Everything you wanted to know about abseiling but didn't dare askby Bob Wightman Jun/2006
This article has been read 75,459 times
Abseil is a word of German origin and rhymes with style not sail.
They chose the French term for sliding down a rope whereas we chose the German. Nothing more to it than that.
So why do most climbers have a dislike for abseiling? Basically it is down to two things:
However with a little thought many of the risks may be reduced, though not entirely removed.
If you are just going to be abseiling less than half a rope length then any rope will do as you simply take the middle of the rope and attach to the belay point then lower or drop the two ends.
If the abseil is longer (up to a rope length) then you will need two ropes. The only restriction here is that both ropes should be the same diameter. Using an 11mm rope with an 8.5mm rope will lead to problems as the two ropes will interact with the abseil device differently with the thicker rope having more friction and passing through the device more slowly. A slight difference in diameter (9mm & 8.5mm) is nothing to worry about.
There is much discussion as to which knot is best to use to join the two ropes together and over the years thoughts have changed.
The table below summarises the various knots that are in common use for tying two ropes together for abseiling. One point to note is that for all the knots, the “tails” should be at least 30cm in length to allow for slippage and tightening of the knot.
|Double Fishermans||Easy to get wrong.||This is the knot by which to judge all others. If tied correctly, it is the strongest knot available for this purpose. If your ropes are of different diameters then it is the only knot to consider. It does have some major drawbacks though: it is very difficult to undo after being loaded; it is also symmetrical meaning that it is likely to snag easily.|
|Figure of Eight||Not as easy as is imagined.||
To tie the figure of eight correctly requires that both ropes travel a particular
path through the knot. This is very difficult to ensure in a stressful situation.
In addition to this, the knot has an alarming tendency to roll along the rope
when stressed at right angles to its main axis.
|Overhand||Fairly easy.||At first the overhand knot looks as if it would be weaker than the figure of eight but in fact it is both stronger and more resilient to pulls across its axis|
|Reef||Simple and easy||The reef knot (square knot) is very simple to tie but, like the double fishermans, is a symmetrical knot so suffers from the same problems of being prone to catch. It is a very poor knot to use for ropes of different diameters. Perhaps its best use is in the centre of a double fishermans knot, using the latter as a safety backup.|
It depends on the situation. But current thinking/best practice indicates one of the following.
See this article at Needlesports for more info on knots for abseiling.
Basically any anchor that is good enough to belay from. Unless you are abseiling from a permament abseil station it is likely that you will have to sacrifice some of your own equipment to make the anchor. Usually this is no more than a couple of wires or a length of sling or cord to replace existing loops (where the condition of the existing loops may have been affected by the elements or excessive use).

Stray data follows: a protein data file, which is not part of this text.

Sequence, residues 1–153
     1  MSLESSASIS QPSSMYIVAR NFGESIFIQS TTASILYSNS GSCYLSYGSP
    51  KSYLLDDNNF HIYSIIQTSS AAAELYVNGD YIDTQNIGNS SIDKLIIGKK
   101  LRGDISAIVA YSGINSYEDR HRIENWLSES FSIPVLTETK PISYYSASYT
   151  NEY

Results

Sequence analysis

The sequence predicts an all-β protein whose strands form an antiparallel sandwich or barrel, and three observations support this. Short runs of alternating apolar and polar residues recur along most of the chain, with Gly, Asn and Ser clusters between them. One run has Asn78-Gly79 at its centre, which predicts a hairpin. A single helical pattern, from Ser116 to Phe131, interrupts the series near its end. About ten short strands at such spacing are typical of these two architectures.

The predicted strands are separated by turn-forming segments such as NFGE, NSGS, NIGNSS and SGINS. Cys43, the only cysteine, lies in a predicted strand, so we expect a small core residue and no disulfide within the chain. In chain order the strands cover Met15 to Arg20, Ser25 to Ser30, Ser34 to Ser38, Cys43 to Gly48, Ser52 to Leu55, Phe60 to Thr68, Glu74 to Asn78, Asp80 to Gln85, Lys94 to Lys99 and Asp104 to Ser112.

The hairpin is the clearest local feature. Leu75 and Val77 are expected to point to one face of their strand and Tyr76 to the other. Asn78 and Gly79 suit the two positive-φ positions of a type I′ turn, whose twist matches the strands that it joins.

Certainly not! Commando style is all well and good when you have solid anchors and an easily impressed audience. Out in the hills it is a different matter and you should aim to stress the system - particularly the anchor as little as possible.
Most stress on the anchor occurs in the first few metres of the abseil so it is at this point that you should be as smooth as possible, creeping over the edge whilst making sure that the ropes do not run over any sharp edges and that they have not snagged beneath you. Keep your feet apart for stability and walk down the rock as smoothly as you can.
There is a simple way to do this. Keep the Figure of Eight device clipped via the large hole. When you come to use it, pull a bight of rope through the large hole as you normally would and pass it round the back of the smaller hole, again as normal. The device is now trapped by the weight of the rope so you can unclip from the larger hole and into the small hole ready for use.
To remove, simply reverse the above procedure.
Tie a knot in the end of each rope to prevent you from sliding off the end. You need one on each rope as just doing it on one rope could cause the system to pull through the belay. This also helps find the end of the rope in those instances when they get caught after being thrown down, either because of wind or because the rock is heavily featured. In order to help remember which rope needs to be pulled at the next stance (or ground) - clip a krab into the end knot of that rope.
Clip a quickdraw between your harness and onto the rope in question. This also has the benefit of keeping the ropes separated when you come to pull them.
Given that in most situations you are totally reliant on the anchor and the ropes and that there is little you can do to back these up, the only other weakness in the system is yourself.
If there is a chance of debris falling on you then it is beneficial to use a French Prussik or Klemheist knot around both ropes. Whether this knot is above or below the abseil device is down to personal preference - I have seen valid arguments for both - my personal preference is to have the knot above the device.
There are rare occasions when you need to abseil a full rope length but only have one good rope available. For example: The other rope has been damaged in some way and you do not want to trust it. Another scenario is if you are climbing lightweight on a single 9mm rope and have brought along something like a length of 6mm cord for emergencies. So how do you make a full 50m abseil?
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